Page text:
Lessons from witness tamperingTo the Editor:
Your cover story about the indictment of a 31-year-old man in Lakewood for witness tampering ("Witness tampering charged in abuse case"; July 9, 2010) was a great service to the community for at least three reasons.
First, many still feel the "community" can handle child abuse cases better than the authorities. Yet, at the recent Agudah convention I attended, we were instructed to contact the police if there is a suspicion of child abuse.
Second, some people may think they have the right to free speech to espouse and encourage that matters like child abuse should be handled through beis din, but they could find themselves in violation of the secular law. In a New Jersey case called State v. Crescenzi, an appeals court rejected such a constitutional challenge of free speech noting "when the public interest in discovering the truth in official proceedings is balanced against a party's right to speak, that party's right is minuscule." A "beis din only" defense to prevent chillul HaShem will not go too far before any jury hearing a child abuse, witness tampering trial.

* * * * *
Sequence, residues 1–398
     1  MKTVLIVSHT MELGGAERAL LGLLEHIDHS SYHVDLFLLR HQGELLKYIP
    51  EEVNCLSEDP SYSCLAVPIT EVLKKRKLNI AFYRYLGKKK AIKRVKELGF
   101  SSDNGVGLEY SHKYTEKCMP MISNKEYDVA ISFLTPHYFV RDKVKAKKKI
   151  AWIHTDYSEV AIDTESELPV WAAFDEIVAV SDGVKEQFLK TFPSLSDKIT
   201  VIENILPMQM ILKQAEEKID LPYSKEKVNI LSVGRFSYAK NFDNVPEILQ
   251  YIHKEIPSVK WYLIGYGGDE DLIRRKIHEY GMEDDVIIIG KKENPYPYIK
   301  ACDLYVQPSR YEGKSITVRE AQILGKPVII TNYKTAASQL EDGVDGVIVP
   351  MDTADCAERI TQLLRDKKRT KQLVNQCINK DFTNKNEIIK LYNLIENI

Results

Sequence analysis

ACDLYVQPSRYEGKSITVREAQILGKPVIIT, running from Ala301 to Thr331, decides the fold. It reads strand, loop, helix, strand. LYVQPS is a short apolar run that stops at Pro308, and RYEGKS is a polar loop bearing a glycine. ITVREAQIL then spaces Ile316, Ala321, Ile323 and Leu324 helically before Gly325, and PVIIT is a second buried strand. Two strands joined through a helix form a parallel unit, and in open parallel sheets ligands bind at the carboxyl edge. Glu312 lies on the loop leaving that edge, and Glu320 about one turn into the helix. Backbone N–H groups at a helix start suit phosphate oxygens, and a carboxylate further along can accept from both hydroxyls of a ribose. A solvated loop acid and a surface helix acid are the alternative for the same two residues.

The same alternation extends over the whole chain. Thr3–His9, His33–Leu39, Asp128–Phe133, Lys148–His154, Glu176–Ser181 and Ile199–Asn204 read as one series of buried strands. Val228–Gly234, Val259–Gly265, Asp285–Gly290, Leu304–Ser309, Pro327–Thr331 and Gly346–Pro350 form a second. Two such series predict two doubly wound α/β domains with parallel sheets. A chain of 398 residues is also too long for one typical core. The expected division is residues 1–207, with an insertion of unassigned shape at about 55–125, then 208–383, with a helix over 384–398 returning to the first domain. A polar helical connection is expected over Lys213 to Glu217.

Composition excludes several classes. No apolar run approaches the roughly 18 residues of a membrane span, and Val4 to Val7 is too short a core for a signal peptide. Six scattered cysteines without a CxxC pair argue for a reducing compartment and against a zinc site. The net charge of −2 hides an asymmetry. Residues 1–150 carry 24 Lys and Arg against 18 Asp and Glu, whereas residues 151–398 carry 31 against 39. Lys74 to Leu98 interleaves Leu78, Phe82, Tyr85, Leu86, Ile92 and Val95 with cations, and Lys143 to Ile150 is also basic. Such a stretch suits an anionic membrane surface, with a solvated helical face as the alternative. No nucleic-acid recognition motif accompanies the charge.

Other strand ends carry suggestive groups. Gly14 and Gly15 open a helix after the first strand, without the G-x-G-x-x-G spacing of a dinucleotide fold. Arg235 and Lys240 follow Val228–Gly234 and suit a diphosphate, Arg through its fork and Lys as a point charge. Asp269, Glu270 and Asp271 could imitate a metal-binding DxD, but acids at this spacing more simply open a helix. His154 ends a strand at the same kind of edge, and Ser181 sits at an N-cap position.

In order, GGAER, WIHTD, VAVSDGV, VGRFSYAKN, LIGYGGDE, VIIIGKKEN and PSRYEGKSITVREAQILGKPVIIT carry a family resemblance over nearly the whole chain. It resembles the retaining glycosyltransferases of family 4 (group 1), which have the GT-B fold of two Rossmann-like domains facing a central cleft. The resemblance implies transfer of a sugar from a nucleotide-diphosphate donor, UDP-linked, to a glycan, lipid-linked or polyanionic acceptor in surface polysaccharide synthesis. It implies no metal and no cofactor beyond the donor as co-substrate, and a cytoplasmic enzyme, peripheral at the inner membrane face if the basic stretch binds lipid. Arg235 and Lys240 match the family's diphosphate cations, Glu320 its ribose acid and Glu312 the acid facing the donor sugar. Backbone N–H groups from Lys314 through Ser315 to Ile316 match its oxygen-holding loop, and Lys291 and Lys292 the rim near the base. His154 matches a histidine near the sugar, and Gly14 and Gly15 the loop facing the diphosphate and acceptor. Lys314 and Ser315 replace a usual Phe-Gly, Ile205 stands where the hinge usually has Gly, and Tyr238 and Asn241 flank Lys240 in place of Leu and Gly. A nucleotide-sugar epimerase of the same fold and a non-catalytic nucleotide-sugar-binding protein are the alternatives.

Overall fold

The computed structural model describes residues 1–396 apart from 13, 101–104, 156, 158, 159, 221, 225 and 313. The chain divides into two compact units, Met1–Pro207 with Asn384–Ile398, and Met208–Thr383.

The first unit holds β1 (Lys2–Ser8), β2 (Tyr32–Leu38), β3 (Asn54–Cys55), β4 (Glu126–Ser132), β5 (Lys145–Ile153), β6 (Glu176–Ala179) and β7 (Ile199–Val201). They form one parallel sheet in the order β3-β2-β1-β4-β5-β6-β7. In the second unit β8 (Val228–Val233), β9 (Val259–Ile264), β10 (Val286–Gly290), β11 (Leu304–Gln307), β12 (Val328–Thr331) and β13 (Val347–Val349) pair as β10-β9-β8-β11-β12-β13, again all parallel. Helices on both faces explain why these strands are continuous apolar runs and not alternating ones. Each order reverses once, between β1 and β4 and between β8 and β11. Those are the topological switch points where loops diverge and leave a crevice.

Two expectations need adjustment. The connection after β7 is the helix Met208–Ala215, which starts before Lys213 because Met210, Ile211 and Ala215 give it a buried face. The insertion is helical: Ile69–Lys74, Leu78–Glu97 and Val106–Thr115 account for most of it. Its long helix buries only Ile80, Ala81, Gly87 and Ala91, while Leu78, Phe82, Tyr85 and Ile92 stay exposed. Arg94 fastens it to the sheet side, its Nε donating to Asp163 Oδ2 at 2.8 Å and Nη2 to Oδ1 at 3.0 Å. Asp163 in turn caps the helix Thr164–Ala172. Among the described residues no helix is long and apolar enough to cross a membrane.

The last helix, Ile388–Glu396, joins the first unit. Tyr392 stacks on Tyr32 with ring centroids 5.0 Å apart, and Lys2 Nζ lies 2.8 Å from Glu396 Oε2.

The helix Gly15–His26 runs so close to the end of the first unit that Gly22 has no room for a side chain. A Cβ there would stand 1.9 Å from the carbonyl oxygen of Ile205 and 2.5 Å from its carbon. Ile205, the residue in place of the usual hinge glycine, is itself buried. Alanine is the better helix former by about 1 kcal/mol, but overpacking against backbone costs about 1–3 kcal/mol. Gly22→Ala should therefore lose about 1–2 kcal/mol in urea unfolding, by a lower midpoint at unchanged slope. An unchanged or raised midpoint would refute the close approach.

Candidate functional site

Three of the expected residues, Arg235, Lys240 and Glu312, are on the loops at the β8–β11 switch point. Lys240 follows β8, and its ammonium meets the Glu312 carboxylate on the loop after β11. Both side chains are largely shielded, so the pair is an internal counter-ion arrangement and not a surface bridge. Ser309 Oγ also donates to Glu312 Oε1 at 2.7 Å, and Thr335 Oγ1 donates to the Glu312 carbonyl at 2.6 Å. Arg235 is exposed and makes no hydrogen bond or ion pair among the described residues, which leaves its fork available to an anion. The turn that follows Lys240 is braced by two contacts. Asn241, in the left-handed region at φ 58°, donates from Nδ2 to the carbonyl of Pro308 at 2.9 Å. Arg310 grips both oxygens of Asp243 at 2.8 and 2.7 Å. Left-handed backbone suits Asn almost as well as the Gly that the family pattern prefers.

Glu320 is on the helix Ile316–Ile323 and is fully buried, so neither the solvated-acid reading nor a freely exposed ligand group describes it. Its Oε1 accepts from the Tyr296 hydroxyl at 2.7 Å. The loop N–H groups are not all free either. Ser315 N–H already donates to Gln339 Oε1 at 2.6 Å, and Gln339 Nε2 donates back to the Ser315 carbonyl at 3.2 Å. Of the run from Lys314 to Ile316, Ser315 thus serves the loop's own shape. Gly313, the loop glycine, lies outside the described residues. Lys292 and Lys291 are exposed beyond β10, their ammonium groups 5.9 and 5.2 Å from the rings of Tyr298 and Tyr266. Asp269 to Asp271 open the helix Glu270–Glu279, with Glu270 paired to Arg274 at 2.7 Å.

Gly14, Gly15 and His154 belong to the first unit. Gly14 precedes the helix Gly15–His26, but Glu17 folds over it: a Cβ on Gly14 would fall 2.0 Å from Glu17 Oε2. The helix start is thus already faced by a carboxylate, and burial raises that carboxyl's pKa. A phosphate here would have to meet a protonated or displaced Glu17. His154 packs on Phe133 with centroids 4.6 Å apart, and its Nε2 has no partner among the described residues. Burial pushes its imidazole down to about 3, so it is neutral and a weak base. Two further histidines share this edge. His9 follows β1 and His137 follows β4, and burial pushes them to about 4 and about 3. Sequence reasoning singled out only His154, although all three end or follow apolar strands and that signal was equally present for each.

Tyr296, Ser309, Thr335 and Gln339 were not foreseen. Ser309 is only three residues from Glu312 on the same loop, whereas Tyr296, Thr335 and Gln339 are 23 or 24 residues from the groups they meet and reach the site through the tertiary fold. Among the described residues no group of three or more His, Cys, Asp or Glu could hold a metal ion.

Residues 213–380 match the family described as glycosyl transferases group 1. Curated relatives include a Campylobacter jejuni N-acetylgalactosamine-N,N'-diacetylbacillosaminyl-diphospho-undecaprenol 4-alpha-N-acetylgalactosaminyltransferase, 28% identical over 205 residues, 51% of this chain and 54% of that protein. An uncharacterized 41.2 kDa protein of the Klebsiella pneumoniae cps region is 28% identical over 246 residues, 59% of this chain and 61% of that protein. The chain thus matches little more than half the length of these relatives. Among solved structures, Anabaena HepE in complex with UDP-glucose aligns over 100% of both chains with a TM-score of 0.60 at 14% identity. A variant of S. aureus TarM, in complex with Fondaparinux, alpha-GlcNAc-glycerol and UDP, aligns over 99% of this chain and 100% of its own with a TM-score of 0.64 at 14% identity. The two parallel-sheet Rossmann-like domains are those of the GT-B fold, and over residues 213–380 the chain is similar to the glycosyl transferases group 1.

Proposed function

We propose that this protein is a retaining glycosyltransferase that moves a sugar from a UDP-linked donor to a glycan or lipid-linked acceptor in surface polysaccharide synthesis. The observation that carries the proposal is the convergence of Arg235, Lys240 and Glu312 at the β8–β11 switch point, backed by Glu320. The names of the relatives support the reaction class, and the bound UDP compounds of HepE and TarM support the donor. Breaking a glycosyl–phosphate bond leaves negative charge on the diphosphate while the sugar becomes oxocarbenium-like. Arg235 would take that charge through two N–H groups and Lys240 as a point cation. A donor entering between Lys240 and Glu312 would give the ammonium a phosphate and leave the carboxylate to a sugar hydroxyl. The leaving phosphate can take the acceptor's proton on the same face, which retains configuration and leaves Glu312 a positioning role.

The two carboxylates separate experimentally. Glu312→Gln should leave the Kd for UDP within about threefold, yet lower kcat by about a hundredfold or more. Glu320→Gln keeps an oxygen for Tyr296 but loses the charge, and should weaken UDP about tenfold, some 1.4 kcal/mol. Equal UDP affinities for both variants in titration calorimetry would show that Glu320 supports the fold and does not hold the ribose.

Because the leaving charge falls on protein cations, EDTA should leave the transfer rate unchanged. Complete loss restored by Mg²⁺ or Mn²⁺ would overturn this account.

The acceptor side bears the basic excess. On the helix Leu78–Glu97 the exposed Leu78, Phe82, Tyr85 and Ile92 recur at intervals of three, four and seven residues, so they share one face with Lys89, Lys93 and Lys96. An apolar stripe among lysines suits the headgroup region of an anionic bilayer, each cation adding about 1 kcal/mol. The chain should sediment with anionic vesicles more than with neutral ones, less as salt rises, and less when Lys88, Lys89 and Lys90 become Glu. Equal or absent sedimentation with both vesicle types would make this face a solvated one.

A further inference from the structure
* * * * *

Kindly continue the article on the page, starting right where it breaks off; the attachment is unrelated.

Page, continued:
Finally, it astounds me that people willingly and openly talk to the police without the advice of counsel. The government's proof in the case would have been substantially harder without the young man talking so freely. Unless you call the police, they do not come to your house just to shmooze or have coffee. Be smart; call a lawyer before you talk too much.
Alexander (Abba Shmuel) Novak, Esq.